On whether it is important to have a US lithium-battery manufacturer for vehicles in the United States:

RK: GM is a global player, as we have a global supply footprint. We go wherever the best, most efficient parts are. If and when there is a lithium-ion cell manufacturing footprint in the US, they will come onto our radar and get appropriate consideration. It's important to recognize that other governments have recognized that this is of strategic importance and have made significant investment in developing this kind of capability. It is now beginning to come onto the radar of others. Other countries are a little bit behind. It doesn't mean they won't catch up, but for the first-generation Volt, there were a lot of advantages to what had already been created and existed outside the United States.

On GM's push to have nine hybrid models by this summer and how broadly lithium-ion battery technology will figure in the future GM fleet:

RK: Those nine vehicles you talked about, those existing hybrids, use nickel-metal hybrid technology batteries. I will tell you, all my advanced development is geared toward various lithium-ion chemistries and construction. We have previously announced that our next generation base system will be a lithium-ion battery that comes from Hitachi. If you look at the long-term cost projections for nickel metal, and what's going to happen for lithium, together with total reserves, energy density, cost, and mass – all favor lithium-ion technology. That's why you see the industry moving toward it.

On the longevity of lithium-ion batteries:

RK: Your cell phone is powered by a lithium battery – and that battery's capacity decays over time.... I've chosen a "life of the vehicle battery" and my terms of "life of the vehicle" are eight to 10 years. Our promise of 40 miles of electric range is an end of life requirement.... So how do I do that? I have more battery capacity than I'm using. There's a sweet spot in there. I won't over charge the battery, or over discharge the battery. The maximum state of charge, the minimum state of charge, I consider to be highly regarded intellectual property. I also understand the temperature range that I need to use this battery at so I don't reduce its life. I won't charge or discharge my battery outside a temperature window. That's also something I consider highly prized intellectual property. So by never overdischarging, never overcharging, never allowing the battery to charge or discharge out of a temperature range all unique to the battery chemistry I've selected, it allows me to have confidence in the longevity of my package.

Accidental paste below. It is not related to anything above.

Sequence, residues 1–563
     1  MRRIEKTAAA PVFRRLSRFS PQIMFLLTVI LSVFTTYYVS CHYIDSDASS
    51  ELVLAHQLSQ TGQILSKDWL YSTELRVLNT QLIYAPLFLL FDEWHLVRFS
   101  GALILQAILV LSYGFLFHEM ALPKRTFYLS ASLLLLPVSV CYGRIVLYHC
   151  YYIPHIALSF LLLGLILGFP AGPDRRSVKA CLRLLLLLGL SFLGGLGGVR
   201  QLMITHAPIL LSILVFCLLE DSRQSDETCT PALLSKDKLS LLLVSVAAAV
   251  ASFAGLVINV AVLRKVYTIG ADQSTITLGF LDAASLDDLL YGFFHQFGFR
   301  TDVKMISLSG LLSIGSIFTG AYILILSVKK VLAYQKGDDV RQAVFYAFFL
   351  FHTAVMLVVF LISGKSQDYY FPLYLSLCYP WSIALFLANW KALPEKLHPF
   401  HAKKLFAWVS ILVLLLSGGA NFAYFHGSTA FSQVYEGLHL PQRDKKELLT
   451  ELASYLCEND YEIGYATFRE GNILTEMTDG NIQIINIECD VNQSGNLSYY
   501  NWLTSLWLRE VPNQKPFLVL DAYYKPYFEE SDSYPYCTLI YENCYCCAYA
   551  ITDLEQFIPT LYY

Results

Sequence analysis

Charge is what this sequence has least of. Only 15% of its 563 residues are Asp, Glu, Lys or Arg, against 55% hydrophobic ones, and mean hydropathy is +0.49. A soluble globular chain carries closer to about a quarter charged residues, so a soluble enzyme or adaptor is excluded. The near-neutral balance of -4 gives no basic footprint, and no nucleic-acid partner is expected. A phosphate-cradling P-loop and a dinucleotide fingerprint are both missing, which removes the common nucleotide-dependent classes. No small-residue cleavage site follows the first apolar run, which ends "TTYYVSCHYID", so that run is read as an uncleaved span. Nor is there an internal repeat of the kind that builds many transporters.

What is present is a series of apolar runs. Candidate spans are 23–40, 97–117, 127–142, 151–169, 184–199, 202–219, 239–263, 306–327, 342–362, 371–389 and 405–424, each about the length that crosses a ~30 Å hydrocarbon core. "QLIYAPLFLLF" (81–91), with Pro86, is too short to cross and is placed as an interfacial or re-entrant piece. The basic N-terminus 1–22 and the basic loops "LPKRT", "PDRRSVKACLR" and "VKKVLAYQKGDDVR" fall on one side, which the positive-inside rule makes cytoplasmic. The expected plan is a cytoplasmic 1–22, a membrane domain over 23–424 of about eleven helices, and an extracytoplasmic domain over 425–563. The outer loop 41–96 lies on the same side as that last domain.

On whether, if drivers persistently ignore warning lights about a battery problem, the car might be programmed not to allow itself to be started:

RK: GM has more production electric vehicle experience than anyone else, having executed the EV-1 program. One of the things we learned in EV-1 is that electric vehicle customers suffered from 'range anxiety.' Where am I when my battery goes dead? My development engineers in that time frame ... went out and bought motorcycle engines, coupled them to generators, put them on trailers, and towed them behind EV-1s to allow them longer periods of electric operation.... So as we looked at concepting the Volt, we basically took that development engineer's solution and integrated that into the Volt.... So, if there is an issue, the customer will always have his vehicle available at his disposal through the extended range capability built into the vehicle.

As it relates to individual cell reliability, having proven capability to manufacture cells with pharmaceutical-level cell quality so that each cell is identical is absolutely critical to my success formula. If you can imagine having hundreds of these cells fit together, and one is slightly out [of] spec from the others, you're going to work that cell harder than you do the rest of the cells. If you work it harder, it's going to wear out sooner. Then, in a battery where these cells are strung together in series to get voltage, the chain is only as strong as the weakest link analogy begins, and you lose a cell.... I do have a level of redundancy built into my pack in the way I have my cells configured both in parallel, and in series, to be able to protect that.

The other thing you have to watch out for is that as these cells begin to charge and discharge, that no matter how identical you manufacture them, they will start to deviate from each other... part of what I have designed into the pack is a very sophisticated cell balancing capability, so that as the pack ages, the individual cells age. I will adapt the cells to the pack, constantly rebalancing my pack.... The software and hardware, the algorithm that does that, and how we do that, is also highly prized intellectual property.